My wife and I were recently discussing a child who plays on a sports team with one of our kids, and at one point I uttered a statement that actually stopped me in my tracks.

The child in question seems to be very immature for their age, especially when it comes to social interaction.

“Terry always acts like such a baby, more like a first grader than a “X”th grader”, my child would say. My wife’s point of view was that the kid’s parents are to blame for this situation.

Our discussion then turned to the fact that the child’s parents are divorced, and so both parents are likely “over-parenting” the kid, to the child’s detriment. That’s when I said,“the kid would be better off if the parents chose to neglect them instead”.

Whoa! Really? Did I just say that?

Did I mean what I said, and could I back it up? Well here is to trying to explain it, at the very least.

What I see with this child, and others in similar situations, is that their parents have always been there to do everything for them, and as a result, the children are incapable of having any kind of a normal relationship with others.

One of the other parents from the team is a second grade teacher, and she said that she witnesses this quite often. Parents are trying so hard to be good parents, and doing so much for their children to “help” them, that the kids soon become unable to do anything for themselves.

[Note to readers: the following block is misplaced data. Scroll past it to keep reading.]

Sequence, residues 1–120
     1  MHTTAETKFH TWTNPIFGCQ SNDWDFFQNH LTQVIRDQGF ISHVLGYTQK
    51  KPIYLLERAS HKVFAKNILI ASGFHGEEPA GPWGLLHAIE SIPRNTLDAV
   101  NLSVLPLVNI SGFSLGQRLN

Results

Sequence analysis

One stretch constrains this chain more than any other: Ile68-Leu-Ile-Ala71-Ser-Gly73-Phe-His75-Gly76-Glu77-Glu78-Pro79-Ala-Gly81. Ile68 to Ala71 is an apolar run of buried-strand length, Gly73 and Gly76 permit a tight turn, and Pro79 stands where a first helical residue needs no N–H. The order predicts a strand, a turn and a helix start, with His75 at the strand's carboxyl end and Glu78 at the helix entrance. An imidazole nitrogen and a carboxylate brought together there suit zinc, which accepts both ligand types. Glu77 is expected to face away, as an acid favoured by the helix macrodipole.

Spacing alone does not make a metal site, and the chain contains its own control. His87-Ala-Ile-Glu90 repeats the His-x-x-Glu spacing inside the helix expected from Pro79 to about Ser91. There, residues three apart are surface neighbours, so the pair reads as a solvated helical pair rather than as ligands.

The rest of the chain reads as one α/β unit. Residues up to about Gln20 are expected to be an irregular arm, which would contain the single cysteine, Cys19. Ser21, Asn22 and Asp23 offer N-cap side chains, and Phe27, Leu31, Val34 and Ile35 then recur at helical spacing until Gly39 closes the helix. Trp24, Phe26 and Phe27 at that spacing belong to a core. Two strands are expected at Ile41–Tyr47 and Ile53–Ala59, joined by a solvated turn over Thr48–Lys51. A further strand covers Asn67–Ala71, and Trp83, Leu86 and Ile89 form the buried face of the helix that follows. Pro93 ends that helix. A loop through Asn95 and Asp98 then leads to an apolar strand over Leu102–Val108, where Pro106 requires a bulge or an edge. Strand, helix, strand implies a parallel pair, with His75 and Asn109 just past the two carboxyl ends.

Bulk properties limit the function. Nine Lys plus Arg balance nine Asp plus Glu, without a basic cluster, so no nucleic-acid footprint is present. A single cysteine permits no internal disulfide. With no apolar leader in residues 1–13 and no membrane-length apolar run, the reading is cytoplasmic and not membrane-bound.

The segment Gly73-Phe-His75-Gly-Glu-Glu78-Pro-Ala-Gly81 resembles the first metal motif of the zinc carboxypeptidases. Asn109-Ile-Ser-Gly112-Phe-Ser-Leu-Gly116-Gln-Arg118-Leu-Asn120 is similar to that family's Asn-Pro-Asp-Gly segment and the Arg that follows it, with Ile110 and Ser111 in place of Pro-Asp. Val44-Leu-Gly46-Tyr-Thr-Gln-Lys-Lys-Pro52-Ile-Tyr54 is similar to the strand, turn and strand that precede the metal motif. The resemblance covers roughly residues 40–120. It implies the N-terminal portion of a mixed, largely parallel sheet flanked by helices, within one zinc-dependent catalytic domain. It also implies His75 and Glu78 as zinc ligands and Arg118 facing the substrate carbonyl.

We can all probably name a few people that we know who are able to function well in everyday life, and who are what one would call “well adjusted” and self-aware.

We all know people who live more at the other end of the spectrum, people who cannot figure anything out for themselves, cannot make a decision without lots of external input, and go from one unsuccessful life experience to the next.

What do the people in the first group have in common, and what do the people in the second group have in common? What is different about the two groups?

To me, the first group exhibits a certain degree of confidence, independence, self-esteem, and interpersonal ability to get along in life.

The second group is easily flustered, lacks self-esteem, has difficulty in relationships, and is generally unhappy with their lot in life.

Could the parenting that they experienced in their childhood have anything to do with who ends up in which category? (That was a rhetorical question!)

It is very easy to get into the habit of doing things for our kids. This reminds me of times when my kids were much younger and they wanted to “help” me do something, and when pressed for time I would reply, “no thanks, I’ll do it myself” because doing it with their help would actually take longer.

But what about my comment that neglect would be better for the kid. Well, if I could only choose between the two extremes of neglect and severe over-parenting, it would be a tough choice, but neglect might just win out.

Fortunately, nobody needs to make such a stark choice for their children. The key, like with so many things, is balance.

If you let your kids fend for themselves a bit more, but remain there behind the scenes “just in case”, you are probably doing them a favour in the long run.

Learning to let go is not necessarily easy, but it can be learned. We have choices to make, and one of the first ones is to choose to detach ourselves and let our children off of the leash, to go and run around and get dirty and maybe even get hurt.

You will most likely die before your children do. The time to begin to ensure that they will be self-reliant is now.